Maulana Tariq Jameel, a well-known religious personality in Pakistan, has been the subject of rumours for the past several days stating that he has decided to step into the business world and is establishing a clothing brand under his own name.
Questions were asked on social media as to what this company would be and whether he would continue his religious activities with it or not.
The controversy escalated to the point that cleric was forced to release a video-message explaining he had been thinking for a long time about doing business the profits of which could be used for his philanthropic works, especially running a madrassa. Now with COVID-19, he has the opportunity to put the idea into practice.
"In the subcontinent, it is considered a vice for clerics to do business or trade," he said. "I don't know where it came from. "
Many people are congratulating Tariq Jameel on his decision and praying for him but on the other hand it has also sparked a debate as to why a religious scholar is being criticized for doing business.
According to local media, the brand MTJ would be selling eastern line-up of dresses including Shalwar Kameez and Kurtas.
MTJ, a company named after MoulanaTariq Jameel, is registered in Karachi. The company's LinkedIn profile reads, "This is a fashion brand that will be run with quality and honesty," and it is "inspired by Maulana Tariq Jameel's service to the people."
The company employs 50 to 100 people, according to the profile. The company's official website, MTJ Online, has not been formally launched.
In his recent video on YouTube, Maulana Tariq Jameel said, “During the year 2000, I founded Madrasa Al Hasnain in Faisalabad. Later, 10 branches of this madrassa were established in different cities. Here our students are teaching and education is given in Arabic. Madrassas were run with the help of colleagues and friends. Last year with a wave of coronavirus, businesses of sponsors came to a standstill,” Maulana said in the video.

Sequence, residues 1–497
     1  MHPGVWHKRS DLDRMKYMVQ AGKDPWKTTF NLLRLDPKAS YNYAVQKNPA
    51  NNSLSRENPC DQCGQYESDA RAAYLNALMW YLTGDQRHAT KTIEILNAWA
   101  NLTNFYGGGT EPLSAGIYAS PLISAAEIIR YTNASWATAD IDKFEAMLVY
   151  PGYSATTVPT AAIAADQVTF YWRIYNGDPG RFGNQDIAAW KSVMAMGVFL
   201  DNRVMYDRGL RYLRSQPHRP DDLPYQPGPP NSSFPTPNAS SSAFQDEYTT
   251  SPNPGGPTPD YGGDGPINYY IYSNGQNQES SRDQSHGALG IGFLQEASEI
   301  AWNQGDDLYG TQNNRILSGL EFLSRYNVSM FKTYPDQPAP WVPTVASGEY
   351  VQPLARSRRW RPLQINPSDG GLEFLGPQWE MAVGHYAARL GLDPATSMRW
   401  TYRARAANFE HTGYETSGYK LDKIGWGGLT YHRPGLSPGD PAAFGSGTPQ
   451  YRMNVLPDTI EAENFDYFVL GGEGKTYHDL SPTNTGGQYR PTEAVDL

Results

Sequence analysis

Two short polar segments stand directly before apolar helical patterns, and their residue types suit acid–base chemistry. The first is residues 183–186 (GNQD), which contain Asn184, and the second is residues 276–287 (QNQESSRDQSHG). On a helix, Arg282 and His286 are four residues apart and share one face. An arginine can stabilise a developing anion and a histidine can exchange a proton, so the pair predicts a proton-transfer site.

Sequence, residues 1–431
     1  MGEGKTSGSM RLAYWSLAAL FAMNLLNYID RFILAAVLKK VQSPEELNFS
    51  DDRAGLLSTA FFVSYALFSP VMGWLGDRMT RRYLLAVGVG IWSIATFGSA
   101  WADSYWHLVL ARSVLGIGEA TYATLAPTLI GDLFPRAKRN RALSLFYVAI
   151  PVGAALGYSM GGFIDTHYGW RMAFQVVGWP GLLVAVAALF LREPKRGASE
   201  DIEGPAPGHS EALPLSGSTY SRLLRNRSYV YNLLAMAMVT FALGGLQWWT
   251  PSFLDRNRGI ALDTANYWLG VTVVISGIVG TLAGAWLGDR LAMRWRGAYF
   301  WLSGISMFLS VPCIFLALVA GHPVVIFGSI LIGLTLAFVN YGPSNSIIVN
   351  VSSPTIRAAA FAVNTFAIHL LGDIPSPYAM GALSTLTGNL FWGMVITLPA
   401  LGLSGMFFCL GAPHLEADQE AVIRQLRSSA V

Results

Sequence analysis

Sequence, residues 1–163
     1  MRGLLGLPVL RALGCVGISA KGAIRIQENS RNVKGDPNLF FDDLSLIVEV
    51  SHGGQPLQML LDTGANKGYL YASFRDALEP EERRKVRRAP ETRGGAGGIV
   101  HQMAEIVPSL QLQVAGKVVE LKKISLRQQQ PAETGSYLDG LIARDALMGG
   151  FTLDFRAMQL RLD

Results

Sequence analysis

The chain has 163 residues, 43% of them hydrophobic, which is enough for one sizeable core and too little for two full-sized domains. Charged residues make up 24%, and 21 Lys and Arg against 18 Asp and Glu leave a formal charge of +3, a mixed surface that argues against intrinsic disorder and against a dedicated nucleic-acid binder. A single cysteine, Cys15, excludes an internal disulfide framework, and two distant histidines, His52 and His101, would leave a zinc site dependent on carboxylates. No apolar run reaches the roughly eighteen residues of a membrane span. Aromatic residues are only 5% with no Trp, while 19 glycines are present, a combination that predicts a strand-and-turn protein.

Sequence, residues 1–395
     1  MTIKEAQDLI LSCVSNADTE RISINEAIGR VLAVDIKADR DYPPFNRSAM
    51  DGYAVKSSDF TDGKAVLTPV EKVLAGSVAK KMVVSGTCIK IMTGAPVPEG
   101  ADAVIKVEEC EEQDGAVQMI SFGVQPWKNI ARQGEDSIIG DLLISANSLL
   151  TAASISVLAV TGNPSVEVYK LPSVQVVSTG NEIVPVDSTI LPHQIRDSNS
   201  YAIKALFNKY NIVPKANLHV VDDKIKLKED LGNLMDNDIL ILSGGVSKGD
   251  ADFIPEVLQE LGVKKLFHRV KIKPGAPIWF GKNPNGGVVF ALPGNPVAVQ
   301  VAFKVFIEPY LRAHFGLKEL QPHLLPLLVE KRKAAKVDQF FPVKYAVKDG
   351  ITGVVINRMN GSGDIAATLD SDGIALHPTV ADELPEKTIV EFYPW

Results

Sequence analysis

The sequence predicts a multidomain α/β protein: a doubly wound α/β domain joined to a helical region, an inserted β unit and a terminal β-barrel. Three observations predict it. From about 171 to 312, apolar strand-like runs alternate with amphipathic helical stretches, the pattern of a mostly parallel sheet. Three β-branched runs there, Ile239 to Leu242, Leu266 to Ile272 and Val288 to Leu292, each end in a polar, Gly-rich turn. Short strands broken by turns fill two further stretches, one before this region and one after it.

"I closed madrassas and started online lessons," Maulana added. “I started worrying that businesses of people had come to a standstill who support our madrassas with their zakat and aid. So how can I tell them to pay Zakat when they themselves are in dire need? My madrassa did not have a permanent system of soliciting donations, nor does it exist now," he said, adding thaty all he could do was call friends and ask them for help, which they would.
"When Coronavirus affected everyone, I said I wouldn't ask for donations anymore. Then I thought about how this system would work. Allah put it in my heart that we should do a business whose earnings should be spent on madrassas. It was my intention to have such a business. "
Maulana Tariq Jameel confirmed that during that time his friends did extend their cooperation. "And we planned to launch a brand MTJ in my name. An agreement has been reached.”
A spokesman of Mulana Tariq Jameel said a Karachi-based company wanted to use Maulana's name for its brand, but did not provide further details.
Tariq Jameel said in his video, “I am not doing any business to make money. I haven't made money all my life. We do not have a business mind. I haven't done business since I started preaching. I only planted cotton once in 1984," he stated, stressing that the brand has no typical business aspirations. He said he would build a good hospital and school with his earnings.
"In the subcontinent, it is considered a blemish for scholars to do business or trade. I don't know where this came from. However, in the time of Imam Abu Hanifa, whose fatwas we (Muslims) believe, there was no greater cloth merchant than him," he said.
"At least my madrassas should be able to stand on its own (two feet) and this will continue even after I leave this world," he hoped.
Remember that this is not the first time that a religious figure has established a clothing brand in Pakistan.
After retiring from the music world in 2004, Junaid Jamshed started a clothing business named J., which is one of the most prominent fashion brands in Pakistan. The company, named after Amir Liaquat Hussain, a member of the ruling Pakistan Tehreek-e-Insaf (PTI) and a well-known anchor of Ramadan shows, also sells men's and women's clothing.